An all-electric Proterra bus operated by the San Joaquin Regional Transit District, shown beside its "Fast Charging" station. (Image via Creative Commons, CalMatters)

Some of California’s key environmental programs for battling smog and climate change have lost nearly $105 million as the state grapples with the economic fallout of the coronavirus pandemic.

In a letter shared with CalMatters, the state’s Department of Finance notified lawmakers of reductions to funds from the proceeds of California’s landmark cap-and-trade program.

Millions were scraped away from the 2019-20 budgets of projects that include incentives for purchasing vehicles that produce less greenhouse gases, cleaning up pollution in overburdened communities, tackling methane excreted by cows and reducing smoke during prescribed burns.

These cuts are on top of $168 million squeezed from the original budgets of programs that are automatically allocated a proportion of the proceeds from cap and trade. Included are high speed rail, affordable housing and transit.

In the wake of cap-and-trade auctions generating $280 million less revenue than expected, the cuts are not a surprise to state departments that had been on notice to spend only three-quarters of their 2019 appropriations.

The shortfall fuels a growing fight about whether California’s cap and trade program can be relied upon to both cut carbon emissions and pay for green programs.

“It’s an unsustainable source of funding,” said Assemblywoman Cristina Garcia, a Democrat from Bell Gardens and chair of the Joint Legislative Committee on Climate Change Policies. “Whether it was now or down the road, we knew that this was going to be a declining pot of money.”

In the July 15 letter, the director of the Department of Finance, Keely Martin Bosler, told Assembly and Senate budget committees that the cuts are spread evenly across 10 agencies and departments. Each listed program loses about 14% of cap-and-trade funds appropriated in the 2019-2020 budget. Among those experiencing cuts are the California Environmental Protection Agency and its departments tasked with cleaning up air pollution, assessing environmental health hazards, managing garbage and recycling, and other projects.

The state Legislature has not finalized how to spend the proceeds from cap-and-trade in the current budget year.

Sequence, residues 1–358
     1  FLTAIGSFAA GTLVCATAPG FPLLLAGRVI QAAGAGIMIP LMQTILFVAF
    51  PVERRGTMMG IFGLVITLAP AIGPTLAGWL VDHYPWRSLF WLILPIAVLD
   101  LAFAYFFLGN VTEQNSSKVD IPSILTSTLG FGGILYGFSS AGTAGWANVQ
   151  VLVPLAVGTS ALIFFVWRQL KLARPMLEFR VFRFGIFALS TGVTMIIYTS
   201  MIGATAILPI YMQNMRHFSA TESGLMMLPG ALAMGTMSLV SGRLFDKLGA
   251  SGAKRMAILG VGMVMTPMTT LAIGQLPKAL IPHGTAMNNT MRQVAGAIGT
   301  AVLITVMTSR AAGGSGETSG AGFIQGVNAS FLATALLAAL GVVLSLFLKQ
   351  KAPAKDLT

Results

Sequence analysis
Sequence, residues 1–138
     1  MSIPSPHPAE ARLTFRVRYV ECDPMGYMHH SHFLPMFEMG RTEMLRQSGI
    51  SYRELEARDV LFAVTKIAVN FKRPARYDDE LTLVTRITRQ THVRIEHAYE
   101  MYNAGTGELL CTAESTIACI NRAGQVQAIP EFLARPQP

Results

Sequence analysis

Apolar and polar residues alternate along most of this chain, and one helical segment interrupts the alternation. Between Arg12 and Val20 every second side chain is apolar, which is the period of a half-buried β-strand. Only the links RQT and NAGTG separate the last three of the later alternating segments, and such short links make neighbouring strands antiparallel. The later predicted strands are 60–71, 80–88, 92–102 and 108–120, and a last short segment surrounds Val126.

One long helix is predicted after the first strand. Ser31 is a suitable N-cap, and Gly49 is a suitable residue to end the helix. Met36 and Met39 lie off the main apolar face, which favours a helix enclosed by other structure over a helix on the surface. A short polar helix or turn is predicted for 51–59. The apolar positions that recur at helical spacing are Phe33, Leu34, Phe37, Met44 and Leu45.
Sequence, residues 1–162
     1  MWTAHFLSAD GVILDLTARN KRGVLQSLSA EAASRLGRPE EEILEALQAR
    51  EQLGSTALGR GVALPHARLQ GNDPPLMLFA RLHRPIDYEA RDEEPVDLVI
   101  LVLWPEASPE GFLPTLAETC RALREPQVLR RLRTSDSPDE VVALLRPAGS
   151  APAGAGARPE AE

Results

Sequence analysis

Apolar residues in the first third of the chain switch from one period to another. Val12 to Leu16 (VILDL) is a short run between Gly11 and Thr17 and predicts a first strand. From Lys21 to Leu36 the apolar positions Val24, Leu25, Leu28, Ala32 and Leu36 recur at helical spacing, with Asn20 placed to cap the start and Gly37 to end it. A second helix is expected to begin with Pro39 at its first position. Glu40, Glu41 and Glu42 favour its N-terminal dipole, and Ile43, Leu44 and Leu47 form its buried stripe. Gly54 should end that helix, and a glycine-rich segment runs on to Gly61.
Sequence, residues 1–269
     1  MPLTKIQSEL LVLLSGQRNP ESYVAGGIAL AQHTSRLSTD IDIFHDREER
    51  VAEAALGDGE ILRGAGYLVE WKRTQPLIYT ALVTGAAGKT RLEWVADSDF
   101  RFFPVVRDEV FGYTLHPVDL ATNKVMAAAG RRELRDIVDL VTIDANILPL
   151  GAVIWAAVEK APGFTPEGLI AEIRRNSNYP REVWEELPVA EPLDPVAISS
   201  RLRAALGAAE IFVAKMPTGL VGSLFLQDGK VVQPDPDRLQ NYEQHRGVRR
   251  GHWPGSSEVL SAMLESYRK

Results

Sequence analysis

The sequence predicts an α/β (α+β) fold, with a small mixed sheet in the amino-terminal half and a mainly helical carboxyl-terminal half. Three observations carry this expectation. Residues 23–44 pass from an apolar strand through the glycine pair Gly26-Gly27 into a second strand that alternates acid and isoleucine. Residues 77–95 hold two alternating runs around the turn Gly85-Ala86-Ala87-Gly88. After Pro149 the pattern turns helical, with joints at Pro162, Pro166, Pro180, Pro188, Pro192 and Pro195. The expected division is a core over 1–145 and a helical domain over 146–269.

Erin Curtis, a California EPA spokesperson, said that the agency is still assessing how the cuts will impact its programs.

The largest cut in terms of dollars is at the California Air Resources Board, the agency responsible for cleaning up the state’s air pollution. It lost $81 million from the $557 million from cap and trade originally budgeted for its low-carbon transportation program, which includes clean vehicle vouchers and grants for new, advanced technologies for cars and heavy-duty engines.

“Whether it was now or down the road, we knew that this was going to be a declining pot of money.”


Last year’s budget banked on cap and trade auctions generating $2.4 billion. But as the coronavirus pandemic rocked the economy, reality fell about $280 million short. The most recent auction in May raised less than $25 million.

Cap-and-trade is a cornerstone of the state’s fight against climate change. It is the first carbon market in the nation to cover all sectors of the economy — including oil refineries, power plants, fuel suppliers and manufacturers. The state is relying on it for nearly half of its promised reductions of planet-warming greenhouse gases in 2030.

The emissions trading program also is a major source of revenue: Companies can meet the declining cap on greenhouse gases by curbing pollution or by buying and trading pollution credits. Since its launch in 2013, cap-and-trade has raised $13.1 billion, with quarterly auctions for pollution credits raking in more than $600 million each over the past two years.

The state funnels the money into a wide range of programs — from fire prevention to high speed rail and safe drinking water. is a nonprofit, nonpartisan media venture explaining California policies and politics.